In the case of Dracula romances, modernization and feminism are at the forefront. I argue that the primary figure for modernization in these texts is Mina Harker’s newly-awakened body. Vitalized by Dracula’s attentions, Mina’s body becomes shorthand for a “modernity” identified loosely with an emergent liberal feminism. Once fully awakened by [End Page 2] the vampire, Mina’s experiences emphasize erotic pleasure, romantic egalitarianism, and individual liberty in the context of her free choice of motherhood and monogamy, in sharp contradistinction to her Victorian inheritance, which insists on male control of women’s bodies—in bed and out of it. In that sense, Mina’s journeys both engage with larger trends in neo-Victorian narratives that imagine how “modern,” companionate heterosexual couplings come into being, and continue the pattern of Gothic romances in which, as Victoria Nelson dryly puts it, “soft-core pornography is essentially framed within a heterosexual relationship that is monogamous after the first encounter” (108). At the same time, they point to difficulties in imagining how the “historical” in “historical romance” might actually function. What does it mean for a single woman’s romantic entanglements to signify an entire complex of historical transformations?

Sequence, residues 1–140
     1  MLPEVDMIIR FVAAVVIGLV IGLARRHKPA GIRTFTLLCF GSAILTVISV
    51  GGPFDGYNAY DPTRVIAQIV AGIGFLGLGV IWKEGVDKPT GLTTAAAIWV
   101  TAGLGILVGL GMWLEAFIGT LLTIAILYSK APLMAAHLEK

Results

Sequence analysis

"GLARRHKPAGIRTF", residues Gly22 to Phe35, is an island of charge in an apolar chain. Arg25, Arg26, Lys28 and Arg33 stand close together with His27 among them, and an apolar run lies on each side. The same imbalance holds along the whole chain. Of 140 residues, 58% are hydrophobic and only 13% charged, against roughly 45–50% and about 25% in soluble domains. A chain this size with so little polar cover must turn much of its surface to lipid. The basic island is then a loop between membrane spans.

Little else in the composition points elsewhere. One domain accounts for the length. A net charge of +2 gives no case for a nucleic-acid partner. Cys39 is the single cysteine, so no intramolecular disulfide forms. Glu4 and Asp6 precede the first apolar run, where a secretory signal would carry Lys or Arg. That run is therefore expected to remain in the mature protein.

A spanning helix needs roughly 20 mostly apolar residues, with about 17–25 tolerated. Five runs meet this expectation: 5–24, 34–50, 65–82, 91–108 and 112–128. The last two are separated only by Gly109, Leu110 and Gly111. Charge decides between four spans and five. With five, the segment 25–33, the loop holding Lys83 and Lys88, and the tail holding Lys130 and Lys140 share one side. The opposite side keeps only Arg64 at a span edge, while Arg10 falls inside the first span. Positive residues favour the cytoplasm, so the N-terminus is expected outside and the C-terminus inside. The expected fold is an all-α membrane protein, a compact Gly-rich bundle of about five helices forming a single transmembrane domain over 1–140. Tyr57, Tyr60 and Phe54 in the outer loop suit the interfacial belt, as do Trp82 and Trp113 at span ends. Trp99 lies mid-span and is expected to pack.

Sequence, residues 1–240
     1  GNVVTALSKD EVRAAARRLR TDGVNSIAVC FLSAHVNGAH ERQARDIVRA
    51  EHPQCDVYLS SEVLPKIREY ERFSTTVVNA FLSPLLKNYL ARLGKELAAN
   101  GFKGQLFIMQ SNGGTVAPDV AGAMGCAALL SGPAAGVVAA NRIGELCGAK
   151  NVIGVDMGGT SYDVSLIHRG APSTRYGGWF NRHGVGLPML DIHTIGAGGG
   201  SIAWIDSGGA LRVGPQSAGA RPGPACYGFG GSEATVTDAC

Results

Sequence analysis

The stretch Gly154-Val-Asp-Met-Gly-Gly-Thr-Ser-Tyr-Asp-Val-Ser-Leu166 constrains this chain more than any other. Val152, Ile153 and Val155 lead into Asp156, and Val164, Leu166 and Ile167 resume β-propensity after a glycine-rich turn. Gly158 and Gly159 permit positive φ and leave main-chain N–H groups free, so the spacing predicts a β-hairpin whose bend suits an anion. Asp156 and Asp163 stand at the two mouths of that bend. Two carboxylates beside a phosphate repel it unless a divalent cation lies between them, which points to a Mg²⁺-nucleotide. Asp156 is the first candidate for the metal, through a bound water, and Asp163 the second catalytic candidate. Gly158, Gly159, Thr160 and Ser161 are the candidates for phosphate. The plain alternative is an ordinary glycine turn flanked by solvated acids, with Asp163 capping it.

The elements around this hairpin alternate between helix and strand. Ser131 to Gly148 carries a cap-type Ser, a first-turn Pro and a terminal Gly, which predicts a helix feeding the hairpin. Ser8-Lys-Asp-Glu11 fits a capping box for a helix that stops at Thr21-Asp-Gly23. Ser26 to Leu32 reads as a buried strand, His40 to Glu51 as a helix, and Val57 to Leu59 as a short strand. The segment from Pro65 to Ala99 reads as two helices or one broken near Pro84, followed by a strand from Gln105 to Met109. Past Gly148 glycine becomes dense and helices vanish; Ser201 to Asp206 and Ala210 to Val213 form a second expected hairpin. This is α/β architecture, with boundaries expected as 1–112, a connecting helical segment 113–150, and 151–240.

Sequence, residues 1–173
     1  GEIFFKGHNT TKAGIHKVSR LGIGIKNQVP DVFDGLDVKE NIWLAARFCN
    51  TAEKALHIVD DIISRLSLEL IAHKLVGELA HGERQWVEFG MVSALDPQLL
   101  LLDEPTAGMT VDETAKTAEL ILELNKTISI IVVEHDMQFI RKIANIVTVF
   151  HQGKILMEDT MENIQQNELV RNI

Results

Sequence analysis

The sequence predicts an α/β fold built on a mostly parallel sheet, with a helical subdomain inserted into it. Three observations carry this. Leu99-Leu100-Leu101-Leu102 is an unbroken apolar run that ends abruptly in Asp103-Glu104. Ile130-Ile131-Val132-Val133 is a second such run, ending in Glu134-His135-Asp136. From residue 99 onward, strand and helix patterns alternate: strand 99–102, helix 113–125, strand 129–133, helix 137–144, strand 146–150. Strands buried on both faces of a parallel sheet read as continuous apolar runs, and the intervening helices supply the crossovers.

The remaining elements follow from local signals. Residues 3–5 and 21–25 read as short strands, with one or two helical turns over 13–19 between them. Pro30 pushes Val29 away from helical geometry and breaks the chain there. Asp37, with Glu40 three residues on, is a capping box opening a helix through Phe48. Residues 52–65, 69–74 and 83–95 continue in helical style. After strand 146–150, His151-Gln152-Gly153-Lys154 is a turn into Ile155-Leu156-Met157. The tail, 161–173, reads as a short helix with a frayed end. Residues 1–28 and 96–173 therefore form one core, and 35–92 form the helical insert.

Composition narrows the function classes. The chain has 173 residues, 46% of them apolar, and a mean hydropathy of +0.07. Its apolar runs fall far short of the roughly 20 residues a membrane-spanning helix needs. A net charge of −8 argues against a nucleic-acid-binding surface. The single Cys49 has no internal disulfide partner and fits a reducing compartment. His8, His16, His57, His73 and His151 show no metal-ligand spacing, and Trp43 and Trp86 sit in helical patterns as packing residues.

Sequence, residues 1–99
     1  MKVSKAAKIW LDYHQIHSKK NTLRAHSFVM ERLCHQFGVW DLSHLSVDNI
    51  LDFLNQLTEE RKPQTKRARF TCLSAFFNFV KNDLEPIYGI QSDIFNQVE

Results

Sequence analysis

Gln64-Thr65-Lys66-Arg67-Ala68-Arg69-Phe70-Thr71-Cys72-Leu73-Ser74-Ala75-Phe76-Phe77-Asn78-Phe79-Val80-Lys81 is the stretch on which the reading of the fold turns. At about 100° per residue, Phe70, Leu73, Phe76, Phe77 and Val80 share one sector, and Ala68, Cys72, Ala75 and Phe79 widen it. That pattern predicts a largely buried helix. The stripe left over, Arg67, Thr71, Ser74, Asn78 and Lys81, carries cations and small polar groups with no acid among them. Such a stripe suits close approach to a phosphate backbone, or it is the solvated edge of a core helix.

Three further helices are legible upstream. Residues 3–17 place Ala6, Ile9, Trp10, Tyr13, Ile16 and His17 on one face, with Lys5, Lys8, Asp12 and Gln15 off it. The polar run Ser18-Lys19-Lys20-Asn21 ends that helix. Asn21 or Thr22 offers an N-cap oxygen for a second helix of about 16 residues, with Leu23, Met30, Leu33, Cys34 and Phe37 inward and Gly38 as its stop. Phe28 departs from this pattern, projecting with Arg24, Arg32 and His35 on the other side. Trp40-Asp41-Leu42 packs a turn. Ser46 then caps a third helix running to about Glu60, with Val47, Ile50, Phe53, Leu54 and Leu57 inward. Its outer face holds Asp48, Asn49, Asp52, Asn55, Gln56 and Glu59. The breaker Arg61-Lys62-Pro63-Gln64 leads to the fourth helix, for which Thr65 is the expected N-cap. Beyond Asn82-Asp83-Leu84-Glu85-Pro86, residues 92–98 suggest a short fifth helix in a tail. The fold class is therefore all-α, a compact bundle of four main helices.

While the Dracula romances join with their realist counterparts in casting such egalitarian relationships as the precondition for social stability, they rework romance plots in two ways. First, they insist that human agency alone cannot bring modernity into being, suggesting that late-Victorian humanity has hit a moral and perhaps physical dead end. Second, they refuse to recuperate Lucy Westenra, who is sexually problematic in the original Dracula—a woman who “through her excessive emotion and sexual desire […] is positioned outside Victorian normativity and thus draws the vampire to her” (Prescott and Giorgio 500), and remains so in these later reworkings. Lucy’s more playful sexuality, aimed at self-fulfillment instead of motherhood, turns out to be invested in the same Victorian paradigms that animate the men who, heroes in Stoker’s original, become monsters in their own right when reworked. To examine how these dynamics play out, I begin by situating these novels in the context of neo-Victorian romance and marriage plots, in which male heterosexuality frequently becomes a source of deep terror. I then survey how Dracula pastiches from the 1970s on invest the Dracula-Mina romance with supposedly liberatory potential, before unpacking in detail one recent novel, Karen Essex’s Dracula in Love (2010), and its celebrations of women’s choice of monogamous maternity over eternal life with the vampire.